Weekend Reading: “My Adventures in Marketing” by Philip Kotler

For the 141st episode of The Marketing Book Podcast, I interviewed Philip Kotler, “The Father of Modern Marketing,” about his autobiography, My Adventures in Marketing.

For over 50 years, Philip Kotler has taught at the Kellogg School of Management, Northwestern University, Evanston, Illinois. Kotler’s book “Marketing Management” is the most widely used textbook in marketing around the world.

The author of nearly 60 books, his book and career traces the development of modern marketing, but more importantly outlines where marketing is headed, how to market your way to growth, the problems with modern CMOs, and why many companies still fail at marketing.

Any manager or student who studies only the old marketing will be no match against digital marketers. I expect the average age of professional marketers to get lower as companies recruit young digital natives.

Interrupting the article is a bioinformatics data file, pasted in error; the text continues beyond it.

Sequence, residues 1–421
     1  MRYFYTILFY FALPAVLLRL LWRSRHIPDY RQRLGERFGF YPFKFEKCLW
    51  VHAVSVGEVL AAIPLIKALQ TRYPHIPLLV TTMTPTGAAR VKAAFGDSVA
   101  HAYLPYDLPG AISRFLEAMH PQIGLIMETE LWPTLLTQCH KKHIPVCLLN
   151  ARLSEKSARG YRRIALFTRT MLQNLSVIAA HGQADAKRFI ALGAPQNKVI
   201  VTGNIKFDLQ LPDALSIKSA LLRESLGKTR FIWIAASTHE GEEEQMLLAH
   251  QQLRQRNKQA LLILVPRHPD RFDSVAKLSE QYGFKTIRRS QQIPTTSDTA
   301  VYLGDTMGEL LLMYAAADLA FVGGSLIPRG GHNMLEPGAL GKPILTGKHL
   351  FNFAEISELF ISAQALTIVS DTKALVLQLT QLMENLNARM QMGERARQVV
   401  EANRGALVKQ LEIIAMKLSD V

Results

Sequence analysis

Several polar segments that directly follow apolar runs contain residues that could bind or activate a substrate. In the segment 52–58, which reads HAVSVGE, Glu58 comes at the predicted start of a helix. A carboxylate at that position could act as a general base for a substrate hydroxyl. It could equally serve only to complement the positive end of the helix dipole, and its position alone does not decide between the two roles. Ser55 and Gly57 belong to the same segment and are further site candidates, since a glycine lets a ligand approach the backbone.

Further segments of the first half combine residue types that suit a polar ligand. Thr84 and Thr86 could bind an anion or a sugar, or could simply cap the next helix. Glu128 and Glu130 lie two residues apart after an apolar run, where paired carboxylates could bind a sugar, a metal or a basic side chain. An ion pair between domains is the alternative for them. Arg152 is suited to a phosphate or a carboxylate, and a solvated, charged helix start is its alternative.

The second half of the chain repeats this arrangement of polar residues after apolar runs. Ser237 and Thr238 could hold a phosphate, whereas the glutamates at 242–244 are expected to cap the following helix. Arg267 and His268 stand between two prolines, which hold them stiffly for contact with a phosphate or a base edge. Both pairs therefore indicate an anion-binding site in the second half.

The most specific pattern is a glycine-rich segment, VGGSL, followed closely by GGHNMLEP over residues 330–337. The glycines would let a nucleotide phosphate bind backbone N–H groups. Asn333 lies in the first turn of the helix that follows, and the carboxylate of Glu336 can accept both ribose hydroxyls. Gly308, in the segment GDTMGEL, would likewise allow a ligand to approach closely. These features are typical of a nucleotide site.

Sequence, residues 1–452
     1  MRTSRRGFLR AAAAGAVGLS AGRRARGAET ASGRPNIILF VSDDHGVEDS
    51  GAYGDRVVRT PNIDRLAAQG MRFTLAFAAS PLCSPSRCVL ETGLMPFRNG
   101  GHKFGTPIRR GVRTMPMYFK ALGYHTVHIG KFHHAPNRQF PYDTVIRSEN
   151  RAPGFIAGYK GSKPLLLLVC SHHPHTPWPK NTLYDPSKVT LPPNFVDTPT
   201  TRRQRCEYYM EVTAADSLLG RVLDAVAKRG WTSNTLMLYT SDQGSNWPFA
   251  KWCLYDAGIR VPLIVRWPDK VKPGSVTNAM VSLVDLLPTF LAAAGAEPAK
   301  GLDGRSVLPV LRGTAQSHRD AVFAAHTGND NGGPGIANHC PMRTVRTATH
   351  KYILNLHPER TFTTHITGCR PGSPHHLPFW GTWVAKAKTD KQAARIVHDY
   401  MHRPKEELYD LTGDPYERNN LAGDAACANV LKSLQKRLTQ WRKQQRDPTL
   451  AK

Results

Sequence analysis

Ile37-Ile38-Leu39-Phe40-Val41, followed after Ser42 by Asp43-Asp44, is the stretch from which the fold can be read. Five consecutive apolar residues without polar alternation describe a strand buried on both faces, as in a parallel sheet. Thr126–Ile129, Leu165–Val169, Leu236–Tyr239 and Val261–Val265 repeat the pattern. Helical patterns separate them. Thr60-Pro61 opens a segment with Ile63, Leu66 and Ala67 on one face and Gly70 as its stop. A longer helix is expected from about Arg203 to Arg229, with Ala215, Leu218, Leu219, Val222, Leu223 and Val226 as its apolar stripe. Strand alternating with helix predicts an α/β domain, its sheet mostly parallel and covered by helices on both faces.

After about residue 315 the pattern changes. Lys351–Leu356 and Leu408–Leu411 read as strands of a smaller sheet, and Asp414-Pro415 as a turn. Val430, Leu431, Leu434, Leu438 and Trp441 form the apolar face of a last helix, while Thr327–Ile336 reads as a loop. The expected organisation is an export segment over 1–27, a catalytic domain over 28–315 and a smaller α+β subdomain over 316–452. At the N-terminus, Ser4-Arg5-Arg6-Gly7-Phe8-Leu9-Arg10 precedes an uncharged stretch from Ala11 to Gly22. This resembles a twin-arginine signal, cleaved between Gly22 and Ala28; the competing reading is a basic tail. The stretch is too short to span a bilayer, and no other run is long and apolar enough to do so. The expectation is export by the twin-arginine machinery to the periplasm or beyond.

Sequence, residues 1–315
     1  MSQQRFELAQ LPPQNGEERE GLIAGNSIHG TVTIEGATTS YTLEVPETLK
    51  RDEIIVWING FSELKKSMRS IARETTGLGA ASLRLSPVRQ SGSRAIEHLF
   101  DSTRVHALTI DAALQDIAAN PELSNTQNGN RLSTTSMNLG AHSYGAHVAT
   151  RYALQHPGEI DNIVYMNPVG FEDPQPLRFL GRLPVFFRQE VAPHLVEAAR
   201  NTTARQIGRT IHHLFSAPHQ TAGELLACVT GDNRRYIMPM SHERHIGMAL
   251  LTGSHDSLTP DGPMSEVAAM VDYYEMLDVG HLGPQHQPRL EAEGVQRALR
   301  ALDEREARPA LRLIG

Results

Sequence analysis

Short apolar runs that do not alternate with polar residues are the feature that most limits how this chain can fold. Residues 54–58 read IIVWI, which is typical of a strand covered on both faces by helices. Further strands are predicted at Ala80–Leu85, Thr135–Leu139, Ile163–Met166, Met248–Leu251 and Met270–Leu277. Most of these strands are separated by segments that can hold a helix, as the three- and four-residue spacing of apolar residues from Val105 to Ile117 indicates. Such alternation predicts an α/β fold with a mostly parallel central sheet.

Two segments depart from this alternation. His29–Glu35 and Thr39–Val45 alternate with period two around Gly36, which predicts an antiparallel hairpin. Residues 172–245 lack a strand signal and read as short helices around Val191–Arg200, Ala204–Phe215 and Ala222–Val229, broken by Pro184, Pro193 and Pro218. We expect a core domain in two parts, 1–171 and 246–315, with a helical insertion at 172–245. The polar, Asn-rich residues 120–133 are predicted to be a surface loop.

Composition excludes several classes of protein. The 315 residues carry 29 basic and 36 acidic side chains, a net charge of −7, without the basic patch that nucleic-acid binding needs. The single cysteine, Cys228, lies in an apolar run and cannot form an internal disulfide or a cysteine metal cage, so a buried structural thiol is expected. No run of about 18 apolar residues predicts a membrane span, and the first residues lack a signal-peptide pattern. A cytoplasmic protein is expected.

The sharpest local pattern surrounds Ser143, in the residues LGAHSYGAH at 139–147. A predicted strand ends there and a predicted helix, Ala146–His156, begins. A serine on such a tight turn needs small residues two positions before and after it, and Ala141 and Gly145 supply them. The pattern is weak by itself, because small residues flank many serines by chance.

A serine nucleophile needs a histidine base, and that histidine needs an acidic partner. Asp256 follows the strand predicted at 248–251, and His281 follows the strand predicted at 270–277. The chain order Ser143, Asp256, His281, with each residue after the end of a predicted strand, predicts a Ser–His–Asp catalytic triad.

Marketing is changing in another way. The old marketers thought that consumers knew what they liked and even why they liked it. Consumers would make conscious decisions and share their opinions and likes in surveys and focus groups. We are now recognizing the power of unconscious factors shaping their purchase decisions.

Consumers are influenced by deeper frames of mind and metaphors that they are less conscious of. Marketers are using new methods to search out unconscious forces and frames of reference and turning these findings into storytelling and narratives to click in at deeper levels of consumer motivation.

A bit more about the book…

Douglas Burdett

Douglas Burdett is the Principal of Artillery, a B2B marketing agency and is host of The Marketing Book Podcast. He is a former artillery officer, Madison Avenue ad man and stand-up comedian.

1 thought on “Weekend Reading: “My Adventures in Marketing” by Philip Kotler

  1. Dr. Philip Kotler is amazing. In my Rutgers Business School marketing strategy courses I frequently quote, mention and utilize his new book “Marketing 4.0.” There is no one quite like Dr. Kotler. He “is” the source for marketing strategy.

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